# Definite integrals solvable using the Feynman Trick

I'm looking for definite integrals that are solvable using the method of differentiation under the integral sign (also called the Feynman Trick) in order to practice using this technique.

Does anyone know of any good ones to tackle?

Since this became quite popular I will mention here about an introduction to Feynman's trick that I wrote recently. It also contains some exercises that are solvable using this technique.

My goal there is to give some ideas on how to introduce a new parameter as well as to describe some heuristics that I tend to follow when using Feynman's trick, hoping that it can serve as a good starting point.

In case you are already familiar with Feynman's trick or prefer to evaluate some integrals directly, here is a brief list:

A few good ones are: $$\int_0^\infty e^{-\frac{x^2}{y^2}-y^2}dx$$ $$\int_0^\infty \frac{1-\cos(xy)}xdx$$ $$\int_0^\infty \frac{dx}{(x^2+p)^{n+1}}$$ $$\int_{0}^{\infty}e^{-x^2}dx$$ $$\int_0^\infty \cos(x^2)dx$$ $$\int_0^\infty \sin(x^2)dx$$ $$\int_0^\infty \frac{\sin^2x}{x^2(x^2+1)}dx$$ $$\int_0^{\pi/2} x\cot x\ dx$$ That should keep you busy for a while ;)

I know I am kind of late, but here are a few $$\int_{-\infty}^\infty\frac{\ln{(x^2+1)}}{x^4+x^2+1}\,dx$$ $$\int_{-\infty}^\infty\frac{\ln{(x^4+x^2+1)}}{x^4+1}\,dx$$ $$\int_{-\infty}^\infty\left(x^2+\frac{1}{x^2}\right)e^{-\left(x^2+\frac{1}{x^2}\right)}\,dx$$ $$\int_{-\infty}^\infty\frac{x^2+2\cos{x}-2}{x^4}\,dx$$ $$\int_{-\infty}^\infty\frac{x^2+2\cos{x}-2}{x^4(x^2+1)}\,dx$$ $$\int_{-\infty}^\infty\left(\frac{1-\cos{x}}{x^2}\right)^2\,dx$$ $$\int_0^\infty\frac{\ln{(x+\sqrt{x^2+1})}} {(x+\sqrt{x^2+1})^2}\,dx$$ $$\int_0^{\frac{\pi}{2}}x\sqrt{\tan{x}}\space dx$$

you can try the most famous one which is: $$\int_0^\infty\frac{\sin(x)}{x}dx$$ good luck!

Maybe you can look at:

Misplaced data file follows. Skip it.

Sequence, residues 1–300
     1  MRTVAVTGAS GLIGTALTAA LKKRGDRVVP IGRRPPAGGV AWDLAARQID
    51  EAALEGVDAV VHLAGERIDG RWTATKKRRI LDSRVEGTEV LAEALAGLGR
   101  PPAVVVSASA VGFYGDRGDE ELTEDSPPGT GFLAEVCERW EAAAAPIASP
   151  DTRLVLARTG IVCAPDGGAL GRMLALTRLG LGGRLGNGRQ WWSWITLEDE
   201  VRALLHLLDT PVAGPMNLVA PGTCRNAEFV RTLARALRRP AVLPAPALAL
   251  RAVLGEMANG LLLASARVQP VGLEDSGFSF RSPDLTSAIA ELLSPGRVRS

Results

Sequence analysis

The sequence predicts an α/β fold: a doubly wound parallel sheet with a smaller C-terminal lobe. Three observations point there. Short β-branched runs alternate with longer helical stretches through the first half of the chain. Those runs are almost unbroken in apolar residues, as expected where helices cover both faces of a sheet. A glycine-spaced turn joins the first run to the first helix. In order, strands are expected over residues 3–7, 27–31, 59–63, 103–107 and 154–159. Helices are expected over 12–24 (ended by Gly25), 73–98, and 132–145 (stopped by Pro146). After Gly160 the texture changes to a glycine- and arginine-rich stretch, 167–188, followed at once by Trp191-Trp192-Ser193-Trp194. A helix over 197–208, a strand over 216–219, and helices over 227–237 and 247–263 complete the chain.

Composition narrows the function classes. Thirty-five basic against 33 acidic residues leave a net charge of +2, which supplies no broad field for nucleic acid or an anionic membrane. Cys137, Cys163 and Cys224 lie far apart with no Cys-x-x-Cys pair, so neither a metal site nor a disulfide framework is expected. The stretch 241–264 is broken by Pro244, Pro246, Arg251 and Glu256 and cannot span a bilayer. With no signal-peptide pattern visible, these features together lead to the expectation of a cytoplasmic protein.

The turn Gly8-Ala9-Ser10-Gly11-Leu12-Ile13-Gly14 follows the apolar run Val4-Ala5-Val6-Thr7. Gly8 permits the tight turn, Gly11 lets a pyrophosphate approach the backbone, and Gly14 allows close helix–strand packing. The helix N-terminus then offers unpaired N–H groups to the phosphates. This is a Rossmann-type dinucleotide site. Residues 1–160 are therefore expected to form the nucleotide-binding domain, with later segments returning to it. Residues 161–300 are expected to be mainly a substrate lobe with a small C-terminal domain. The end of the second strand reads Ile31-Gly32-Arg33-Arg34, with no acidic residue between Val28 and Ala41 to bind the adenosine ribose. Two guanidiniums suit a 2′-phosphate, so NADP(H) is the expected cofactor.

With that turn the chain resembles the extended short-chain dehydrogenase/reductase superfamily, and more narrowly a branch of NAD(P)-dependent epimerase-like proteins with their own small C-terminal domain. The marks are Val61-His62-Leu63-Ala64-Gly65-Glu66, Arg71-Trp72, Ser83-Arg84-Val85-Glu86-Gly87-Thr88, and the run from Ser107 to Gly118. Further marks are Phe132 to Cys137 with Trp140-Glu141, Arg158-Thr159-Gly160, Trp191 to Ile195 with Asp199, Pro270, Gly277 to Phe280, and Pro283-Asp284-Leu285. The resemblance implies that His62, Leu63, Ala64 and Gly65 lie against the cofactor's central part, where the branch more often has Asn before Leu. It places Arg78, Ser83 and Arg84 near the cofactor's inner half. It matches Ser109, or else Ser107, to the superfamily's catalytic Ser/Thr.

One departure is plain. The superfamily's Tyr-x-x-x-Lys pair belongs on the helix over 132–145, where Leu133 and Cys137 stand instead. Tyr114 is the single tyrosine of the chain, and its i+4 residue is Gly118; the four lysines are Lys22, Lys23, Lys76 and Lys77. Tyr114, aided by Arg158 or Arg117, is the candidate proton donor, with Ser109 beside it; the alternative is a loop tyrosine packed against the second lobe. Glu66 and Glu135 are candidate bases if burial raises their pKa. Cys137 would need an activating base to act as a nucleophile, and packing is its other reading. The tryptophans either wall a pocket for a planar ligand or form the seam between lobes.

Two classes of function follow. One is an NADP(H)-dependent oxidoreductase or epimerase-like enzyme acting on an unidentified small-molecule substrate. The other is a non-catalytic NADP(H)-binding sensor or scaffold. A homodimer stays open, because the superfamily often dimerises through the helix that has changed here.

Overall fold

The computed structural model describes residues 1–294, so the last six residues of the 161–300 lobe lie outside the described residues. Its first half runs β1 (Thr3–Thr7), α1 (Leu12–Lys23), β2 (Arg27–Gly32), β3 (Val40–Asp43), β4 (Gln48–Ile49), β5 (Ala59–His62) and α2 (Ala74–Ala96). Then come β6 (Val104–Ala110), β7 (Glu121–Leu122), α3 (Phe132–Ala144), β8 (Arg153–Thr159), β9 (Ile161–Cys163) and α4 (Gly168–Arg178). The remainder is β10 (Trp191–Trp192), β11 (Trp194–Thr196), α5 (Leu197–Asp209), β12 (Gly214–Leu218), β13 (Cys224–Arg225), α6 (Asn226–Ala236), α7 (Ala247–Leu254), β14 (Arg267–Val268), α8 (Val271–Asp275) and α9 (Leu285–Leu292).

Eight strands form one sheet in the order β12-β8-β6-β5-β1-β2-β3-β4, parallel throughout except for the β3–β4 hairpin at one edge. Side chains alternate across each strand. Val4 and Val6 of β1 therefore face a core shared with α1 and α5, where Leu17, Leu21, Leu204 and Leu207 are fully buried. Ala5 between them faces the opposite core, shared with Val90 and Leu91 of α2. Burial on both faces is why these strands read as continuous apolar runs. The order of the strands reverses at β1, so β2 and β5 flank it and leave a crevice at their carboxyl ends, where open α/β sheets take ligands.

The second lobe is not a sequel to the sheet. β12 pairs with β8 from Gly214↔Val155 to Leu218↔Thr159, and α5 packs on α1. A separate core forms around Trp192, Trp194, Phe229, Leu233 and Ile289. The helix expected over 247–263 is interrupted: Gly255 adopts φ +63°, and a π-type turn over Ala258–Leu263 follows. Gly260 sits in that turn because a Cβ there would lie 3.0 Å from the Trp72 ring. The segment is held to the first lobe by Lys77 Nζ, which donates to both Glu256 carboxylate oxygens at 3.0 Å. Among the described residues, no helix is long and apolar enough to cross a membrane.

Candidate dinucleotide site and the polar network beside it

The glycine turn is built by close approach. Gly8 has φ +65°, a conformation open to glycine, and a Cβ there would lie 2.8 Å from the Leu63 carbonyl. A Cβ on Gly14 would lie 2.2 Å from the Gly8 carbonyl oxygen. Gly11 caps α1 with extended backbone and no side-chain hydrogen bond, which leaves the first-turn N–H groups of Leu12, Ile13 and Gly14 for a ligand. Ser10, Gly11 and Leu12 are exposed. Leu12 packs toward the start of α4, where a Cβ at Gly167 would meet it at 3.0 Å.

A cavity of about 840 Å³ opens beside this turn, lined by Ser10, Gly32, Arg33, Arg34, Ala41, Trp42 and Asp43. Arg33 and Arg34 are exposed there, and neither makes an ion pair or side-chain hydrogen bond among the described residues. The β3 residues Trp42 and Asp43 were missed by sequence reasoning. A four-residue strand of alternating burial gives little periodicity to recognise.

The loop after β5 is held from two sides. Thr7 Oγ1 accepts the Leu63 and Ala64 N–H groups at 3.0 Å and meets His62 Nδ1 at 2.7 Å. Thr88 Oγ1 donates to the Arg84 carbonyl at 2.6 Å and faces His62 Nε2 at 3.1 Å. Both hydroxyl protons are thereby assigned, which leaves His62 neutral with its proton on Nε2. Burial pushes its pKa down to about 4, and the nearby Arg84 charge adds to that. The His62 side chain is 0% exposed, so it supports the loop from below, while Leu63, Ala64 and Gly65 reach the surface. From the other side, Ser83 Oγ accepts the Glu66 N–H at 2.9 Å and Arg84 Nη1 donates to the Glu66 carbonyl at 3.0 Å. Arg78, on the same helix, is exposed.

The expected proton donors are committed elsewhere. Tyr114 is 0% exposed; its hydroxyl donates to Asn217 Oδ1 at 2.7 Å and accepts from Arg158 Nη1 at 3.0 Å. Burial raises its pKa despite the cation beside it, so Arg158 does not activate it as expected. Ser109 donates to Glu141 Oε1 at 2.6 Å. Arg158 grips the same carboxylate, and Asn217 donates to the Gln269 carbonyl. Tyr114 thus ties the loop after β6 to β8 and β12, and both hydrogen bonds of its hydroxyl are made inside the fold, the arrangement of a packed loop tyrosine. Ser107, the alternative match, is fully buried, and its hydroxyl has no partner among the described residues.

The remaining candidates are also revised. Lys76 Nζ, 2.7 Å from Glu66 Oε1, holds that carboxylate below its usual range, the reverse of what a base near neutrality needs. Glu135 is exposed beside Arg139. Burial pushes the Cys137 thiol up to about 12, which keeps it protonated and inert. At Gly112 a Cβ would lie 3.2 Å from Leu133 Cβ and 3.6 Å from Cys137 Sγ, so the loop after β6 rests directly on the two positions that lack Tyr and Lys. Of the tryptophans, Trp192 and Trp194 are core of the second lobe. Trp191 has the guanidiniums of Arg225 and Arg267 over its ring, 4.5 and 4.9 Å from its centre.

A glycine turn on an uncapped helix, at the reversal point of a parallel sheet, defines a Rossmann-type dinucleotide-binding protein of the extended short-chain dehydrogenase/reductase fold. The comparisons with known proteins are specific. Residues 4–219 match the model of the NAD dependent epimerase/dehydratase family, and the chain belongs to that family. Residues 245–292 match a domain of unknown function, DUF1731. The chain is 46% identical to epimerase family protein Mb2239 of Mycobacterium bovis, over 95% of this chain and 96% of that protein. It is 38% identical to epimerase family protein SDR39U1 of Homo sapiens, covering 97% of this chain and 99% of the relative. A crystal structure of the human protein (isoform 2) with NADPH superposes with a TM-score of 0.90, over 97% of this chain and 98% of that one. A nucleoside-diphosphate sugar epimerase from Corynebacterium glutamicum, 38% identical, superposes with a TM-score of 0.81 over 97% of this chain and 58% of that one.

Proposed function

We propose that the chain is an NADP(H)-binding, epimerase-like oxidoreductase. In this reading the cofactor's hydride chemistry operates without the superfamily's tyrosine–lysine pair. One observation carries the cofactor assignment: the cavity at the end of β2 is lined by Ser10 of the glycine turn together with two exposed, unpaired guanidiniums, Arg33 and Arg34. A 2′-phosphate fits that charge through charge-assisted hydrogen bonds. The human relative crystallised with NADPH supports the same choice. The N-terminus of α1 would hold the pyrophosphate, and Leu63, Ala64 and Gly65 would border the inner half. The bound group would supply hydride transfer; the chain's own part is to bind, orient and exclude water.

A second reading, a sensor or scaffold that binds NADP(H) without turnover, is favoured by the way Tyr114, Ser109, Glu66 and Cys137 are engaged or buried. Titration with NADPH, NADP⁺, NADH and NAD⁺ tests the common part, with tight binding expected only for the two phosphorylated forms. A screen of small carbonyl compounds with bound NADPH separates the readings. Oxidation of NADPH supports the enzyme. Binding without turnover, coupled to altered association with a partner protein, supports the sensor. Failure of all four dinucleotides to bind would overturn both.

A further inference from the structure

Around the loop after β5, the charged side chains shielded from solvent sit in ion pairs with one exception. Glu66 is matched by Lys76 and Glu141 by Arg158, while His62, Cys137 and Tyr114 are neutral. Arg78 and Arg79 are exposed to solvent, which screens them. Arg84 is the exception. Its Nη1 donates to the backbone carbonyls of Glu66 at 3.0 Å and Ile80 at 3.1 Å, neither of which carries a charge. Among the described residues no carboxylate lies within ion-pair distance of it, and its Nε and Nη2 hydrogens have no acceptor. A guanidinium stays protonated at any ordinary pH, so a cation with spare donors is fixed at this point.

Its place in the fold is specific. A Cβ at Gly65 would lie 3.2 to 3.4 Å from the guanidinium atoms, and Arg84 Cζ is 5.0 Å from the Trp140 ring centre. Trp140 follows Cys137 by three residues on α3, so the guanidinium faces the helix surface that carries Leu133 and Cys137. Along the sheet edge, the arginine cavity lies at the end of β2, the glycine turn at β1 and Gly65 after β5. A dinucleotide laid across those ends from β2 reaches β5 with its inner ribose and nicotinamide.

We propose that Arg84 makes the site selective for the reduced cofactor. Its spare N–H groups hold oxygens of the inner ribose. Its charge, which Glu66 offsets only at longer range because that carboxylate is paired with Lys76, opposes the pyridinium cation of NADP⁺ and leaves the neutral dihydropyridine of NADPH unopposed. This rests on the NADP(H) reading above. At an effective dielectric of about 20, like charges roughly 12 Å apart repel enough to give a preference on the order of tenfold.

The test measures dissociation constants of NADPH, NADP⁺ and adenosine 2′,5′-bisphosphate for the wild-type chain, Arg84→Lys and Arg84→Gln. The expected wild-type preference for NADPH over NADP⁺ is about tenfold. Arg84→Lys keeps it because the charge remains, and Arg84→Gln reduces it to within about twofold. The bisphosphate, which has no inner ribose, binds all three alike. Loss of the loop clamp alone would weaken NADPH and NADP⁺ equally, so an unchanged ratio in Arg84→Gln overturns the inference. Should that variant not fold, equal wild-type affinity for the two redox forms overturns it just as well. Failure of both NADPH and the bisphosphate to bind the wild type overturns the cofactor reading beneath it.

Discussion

https://math.stackexchange.com/a/2989801/186817

Feynman's trick is used to compute:

\begin{align}\int_0^{\frac{\pi}{12}}\ln(\tan x)\,dx\end{align}

• Is the upper limit meant to be $\frac{\pi}{2}$
– user150203
Nov 16, 2018 at 1:00
• No, it's $\dfrac{\pi}{12}$. with upper bound to be $\dfrac{\pi}{2}$: \begin{align}\int_0^{\frac{\pi}{2}}\ln(\tan x)\,dx=0\end{align} (perform the change of variable $y=\dfrac{\pi}{2}-x$ )
– FDP
Nov 16, 2018 at 15:28

Another example is in evaluating $$\displaystyle \int_0^\infty \dfrac{\cos xdx}{1+x^2}$$

by first considering $$I\left(a\right)=\int_{0}^{\infty}\frac{\sin\left(ax\right)}{x\left(1+x^{2}\right)}dx,\,a>0$$ we have $$I'\left(a\right)=\int_{0}^{\infty}\frac{\cos\left(ax\right)}{1+x^{2}}dx$$ From which it can be shown that $$I\left(a\right)=\frac{\pi}{2}\left(1-e^{-a}\right)$$ hence $$\lim_{a\rightarrow1}I'\left(a\right)=\frac{\pi }{2e}.$$

$$I_9$$ in Zacky's answer is a special case to $$I(s)=\int_0^\infty \frac{x^s}{x^2+1} \, {\rm d}x \tag{1}$$ with $$-1<\Re(s)<1$$, i.e. $$I_9 = \int_{2/3}^{4/5} I(s) \, {\rm d}s \, .$$ (1) can be solved by contour integration $$2\pi i\, {\rm Res} \left( \frac{z^s}{z^2+1} \right)\Bigg|_{z=i}=\pi e^{i\pi s/2} = \oint_{-\infty}^\infty\frac{z^s}{z^2+1} \, {\rm d}z \\ = \int_{-\infty}^{-\epsilon}\frac{z^s}{z^2+1} \, {\rm d}z + \int_{|z|=\epsilon}\frac{z^s}{z^2+1} \, {\rm d}z + \int_\epsilon^\infty \frac{z^s}{z^2+1} \, {\rm d}z + \int_{|z|=\infty} \frac{z^s}{z^2+1} \, {\rm d}z \\ = I_- + I_\epsilon + I_+ + I_\infty \, ,$$ where the contour is closed and avoids the cut in the upper half plane. The second and fourth integral can be estimated and $$I_-$$ can be related to $$\lim_{\epsilon \rightarrow 0} I_+ = I(s)$$ $$|I_\epsilon| \leq \frac{\pi \epsilon^{s+1}}{1-\epsilon^2} \rightarrow 0 \quad \text{for} \quad \epsilon\rightarrow 0 \\ |I_\infty| \leq \frac{\pi R^{s+1}}{R^2-1} \rightarrow 0 \quad \text{for} \quad R\rightarrow \infty \\ \lim_{\epsilon \rightarrow 0} I_- \stackrel{z=-x}{=} \int_{0-i0}^{\infty-i0} \frac{(-x)^s}{x^2+1} \, {\rm d}x= e^{i\pi s} \int_0^\infty \frac{x^s}{x^2+1} \, {\rm d}x = e^{i\pi s} I(s) \, .$$ Hence $$\pi e^{i\pi s/2} = \lim_{\epsilon \rightarrow 0} \left(I_+ + I_-\right) = (1+e^{i\pi s})I(s) \\ \Rightarrow \quad I(s)=\frac{\pi/2}{\cos(\pi s/2)} \, .$$ Finally $$\int I(s) \, {\rm d}s = \log\left( \tan(\pi s/2) + \sec(\pi s/2) \right) + C \\ = \log\left( \tan\left(\frac{\pi}{4}(s+1)\right)\right) + C\, .$$

The integral $$\displaystyle \int_0^1 \frac{x-1}{\ln x}dx$$ can be used to introduce Feynman's trick (Leibniz was already using this trick)

• Leibiniz never used the trick to compute integrals. Aug 2, 2023 at 19:56